Covid-19 Worsens Asia’s Staggering Inequalities

IN the decades before the pandemic, Asia was often celebrated as a shining example of policies resulting in economic growth. But to talk about economic growth and reduction in absolute poverty was to only tell half of the story.

Asia was also deeply unequal. Since the 1990s, neoliberal economic policies, a failing global tax system, and runaway income and profits at the top channelled income and wealth into the hands of an elite few.

While billionaire wealth in fast growing economies such as China and India accelerated at an unprecedented rate, the vast majority of those living in Asian countries were left behind.

This gulf between rich and poor fuelled unjust and persistent disparities in life chances and impacted the ability of countries in the region to achieve development goals.

When the Covid-19 pandemic hit this deeply unequal region, the impact was also far from uniform. The virus not only claimed more than a million lives in Asia, it has also combined with high levels of inequality to set back progress on equitable development by decades.

Between March and December 2020, the equivalent of 147 million full time jobs were lost in the Asia Pacific region. In 2020, the World Bank estimated that between 140 million people in Asia were pushed into poverty and in 2021 another 8 million became poor.

Vulnerable groups such as women, ethnic and religious minorities and migrant workers were worst affected. Across Asia, informal and migrant workers suffered an estimated 21.6% fall in their income in the first month of the pandemic.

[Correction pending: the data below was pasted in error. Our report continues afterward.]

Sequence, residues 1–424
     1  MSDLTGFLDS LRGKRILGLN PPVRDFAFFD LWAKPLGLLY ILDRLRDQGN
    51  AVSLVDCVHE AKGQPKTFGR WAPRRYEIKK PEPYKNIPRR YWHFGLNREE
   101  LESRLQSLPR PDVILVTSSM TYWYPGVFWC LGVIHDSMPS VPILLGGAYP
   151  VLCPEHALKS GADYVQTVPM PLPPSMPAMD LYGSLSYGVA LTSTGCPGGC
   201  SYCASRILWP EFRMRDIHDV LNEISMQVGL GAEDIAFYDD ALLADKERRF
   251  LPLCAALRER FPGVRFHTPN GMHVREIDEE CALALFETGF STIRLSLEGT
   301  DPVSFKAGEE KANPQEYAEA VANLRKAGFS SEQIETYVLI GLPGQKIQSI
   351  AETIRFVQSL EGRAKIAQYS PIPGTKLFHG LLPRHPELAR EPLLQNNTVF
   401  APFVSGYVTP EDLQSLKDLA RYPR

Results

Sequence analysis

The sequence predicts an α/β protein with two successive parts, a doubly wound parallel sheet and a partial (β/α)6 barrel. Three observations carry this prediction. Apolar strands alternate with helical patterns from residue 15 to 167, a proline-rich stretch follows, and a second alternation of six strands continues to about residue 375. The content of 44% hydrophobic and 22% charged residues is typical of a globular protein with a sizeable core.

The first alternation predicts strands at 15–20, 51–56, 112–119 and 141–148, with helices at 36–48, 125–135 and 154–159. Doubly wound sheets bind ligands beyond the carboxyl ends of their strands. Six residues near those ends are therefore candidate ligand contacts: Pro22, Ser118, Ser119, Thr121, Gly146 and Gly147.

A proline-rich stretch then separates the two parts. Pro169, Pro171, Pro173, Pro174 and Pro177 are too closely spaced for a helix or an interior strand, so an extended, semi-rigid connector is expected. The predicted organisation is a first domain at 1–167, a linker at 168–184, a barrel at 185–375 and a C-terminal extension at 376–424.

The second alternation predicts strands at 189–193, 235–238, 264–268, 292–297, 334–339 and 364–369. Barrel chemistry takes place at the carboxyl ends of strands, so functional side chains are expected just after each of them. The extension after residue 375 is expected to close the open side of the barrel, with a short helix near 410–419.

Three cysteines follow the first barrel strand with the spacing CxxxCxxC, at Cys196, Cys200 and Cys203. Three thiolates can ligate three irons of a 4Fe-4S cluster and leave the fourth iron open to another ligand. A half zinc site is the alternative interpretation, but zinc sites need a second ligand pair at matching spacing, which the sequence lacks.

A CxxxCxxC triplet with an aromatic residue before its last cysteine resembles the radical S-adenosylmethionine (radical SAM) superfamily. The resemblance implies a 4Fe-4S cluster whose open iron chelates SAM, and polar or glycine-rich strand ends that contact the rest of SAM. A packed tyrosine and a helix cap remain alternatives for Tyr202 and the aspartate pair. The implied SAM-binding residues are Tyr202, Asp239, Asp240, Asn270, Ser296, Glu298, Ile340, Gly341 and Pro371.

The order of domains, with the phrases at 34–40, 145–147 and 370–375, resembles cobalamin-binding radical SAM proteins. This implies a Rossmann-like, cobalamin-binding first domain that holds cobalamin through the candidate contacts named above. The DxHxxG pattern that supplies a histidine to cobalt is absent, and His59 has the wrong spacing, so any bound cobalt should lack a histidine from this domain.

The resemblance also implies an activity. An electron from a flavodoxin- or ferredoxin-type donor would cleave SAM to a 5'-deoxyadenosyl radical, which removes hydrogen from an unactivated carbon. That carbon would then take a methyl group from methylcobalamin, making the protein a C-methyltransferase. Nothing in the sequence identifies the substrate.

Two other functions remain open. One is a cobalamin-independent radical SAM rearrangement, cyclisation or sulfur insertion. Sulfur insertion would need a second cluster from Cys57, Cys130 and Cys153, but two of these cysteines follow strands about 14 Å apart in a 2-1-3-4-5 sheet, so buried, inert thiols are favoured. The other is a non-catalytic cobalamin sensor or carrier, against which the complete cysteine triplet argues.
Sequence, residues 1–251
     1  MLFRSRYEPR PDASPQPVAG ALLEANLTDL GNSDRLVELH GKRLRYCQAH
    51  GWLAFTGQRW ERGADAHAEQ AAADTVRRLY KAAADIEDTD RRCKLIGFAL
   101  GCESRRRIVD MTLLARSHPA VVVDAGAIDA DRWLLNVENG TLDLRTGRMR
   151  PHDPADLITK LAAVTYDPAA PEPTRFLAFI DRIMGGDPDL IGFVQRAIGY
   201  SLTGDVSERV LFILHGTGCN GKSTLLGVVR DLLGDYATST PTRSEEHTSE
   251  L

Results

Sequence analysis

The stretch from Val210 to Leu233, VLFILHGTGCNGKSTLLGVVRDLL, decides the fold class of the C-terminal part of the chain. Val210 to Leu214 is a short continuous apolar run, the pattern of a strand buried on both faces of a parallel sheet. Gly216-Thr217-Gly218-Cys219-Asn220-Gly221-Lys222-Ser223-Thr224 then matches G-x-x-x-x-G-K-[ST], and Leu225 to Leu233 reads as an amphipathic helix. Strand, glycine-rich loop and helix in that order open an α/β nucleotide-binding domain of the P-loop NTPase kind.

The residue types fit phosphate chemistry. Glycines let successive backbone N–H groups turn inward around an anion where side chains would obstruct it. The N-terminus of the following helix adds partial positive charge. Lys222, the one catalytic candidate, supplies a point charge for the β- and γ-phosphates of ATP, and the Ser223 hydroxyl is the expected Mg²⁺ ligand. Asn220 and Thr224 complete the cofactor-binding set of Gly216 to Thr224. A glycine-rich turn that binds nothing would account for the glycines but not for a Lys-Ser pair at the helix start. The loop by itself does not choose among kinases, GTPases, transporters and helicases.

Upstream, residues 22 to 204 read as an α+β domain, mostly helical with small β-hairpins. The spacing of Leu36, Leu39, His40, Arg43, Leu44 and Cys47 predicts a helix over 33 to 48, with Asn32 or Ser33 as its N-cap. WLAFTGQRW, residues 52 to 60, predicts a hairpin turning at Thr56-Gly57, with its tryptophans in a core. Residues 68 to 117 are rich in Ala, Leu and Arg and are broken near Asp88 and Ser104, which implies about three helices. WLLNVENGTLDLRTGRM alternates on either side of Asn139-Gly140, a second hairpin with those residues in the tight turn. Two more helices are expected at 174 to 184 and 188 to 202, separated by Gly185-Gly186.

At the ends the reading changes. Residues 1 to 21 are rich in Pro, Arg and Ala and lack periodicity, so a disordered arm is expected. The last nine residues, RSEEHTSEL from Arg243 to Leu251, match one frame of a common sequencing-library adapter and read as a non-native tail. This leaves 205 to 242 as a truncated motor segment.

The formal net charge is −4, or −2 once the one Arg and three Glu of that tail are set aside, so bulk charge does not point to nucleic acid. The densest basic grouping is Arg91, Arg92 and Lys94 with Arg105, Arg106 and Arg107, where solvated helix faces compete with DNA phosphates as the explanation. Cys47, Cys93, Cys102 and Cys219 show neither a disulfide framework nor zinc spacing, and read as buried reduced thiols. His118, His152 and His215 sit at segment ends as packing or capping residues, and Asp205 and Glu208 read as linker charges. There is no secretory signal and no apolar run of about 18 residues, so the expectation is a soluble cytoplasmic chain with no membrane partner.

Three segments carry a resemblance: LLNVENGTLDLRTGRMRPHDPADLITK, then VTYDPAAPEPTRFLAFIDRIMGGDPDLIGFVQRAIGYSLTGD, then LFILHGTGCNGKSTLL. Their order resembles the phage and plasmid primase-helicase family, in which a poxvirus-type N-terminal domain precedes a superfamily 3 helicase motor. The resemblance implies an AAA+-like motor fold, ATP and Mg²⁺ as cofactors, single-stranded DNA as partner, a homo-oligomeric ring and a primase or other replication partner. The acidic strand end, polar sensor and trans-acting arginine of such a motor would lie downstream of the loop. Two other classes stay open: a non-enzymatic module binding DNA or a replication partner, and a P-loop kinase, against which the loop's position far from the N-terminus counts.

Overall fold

Even as women make up over 70% of healthcare workers, over 60% women faced barriers in accessing healthcare. In South Asia, health service disruptions caused an estimated 11,000 additional maternal deaths in 2020. Adolescent pregnancy, unsafe abortions, and violence against women have also risen during the crisis.

But as Oxfam in Asia’s latest report highlights while the vast majority of Asians were worst off, a small minority were shielded from the impact of the pandemic and even thrived.

The number of billionaires in the region grew from 803 in March 2020 to 1,087 in November 2021 and the region’s billionaires were able to grow their wealth by 74%.

Some of Asia’s richest have even benefited directly from the crisis. By March 2021 there were 20 new Asian billionaires whose fortunes came from equipment, pharmaceuticals, and services needed for the pandemic response. This means that by November 2021, Asia’s richest 1% owned more wealth than the poorest 90%.

As billionaires pocketed additional income and wealth, the chances for poor to catch up have been further narrowed. In 2020, UNESCO estimated that 10.45 million children in Asia would drop out of school or university forever due to the pandemic, and more recent lockdowns and school closures have only made matters worse.

This has exacerbated already high-level of education divide. School closures and a move to online learning has favoured wealthier students, and girls are also less likely to have access to the internet or mobile phones which means the pandemic has put them at an even greater disadvantage in accessing education. This will have far reaching impact on equal opportunity.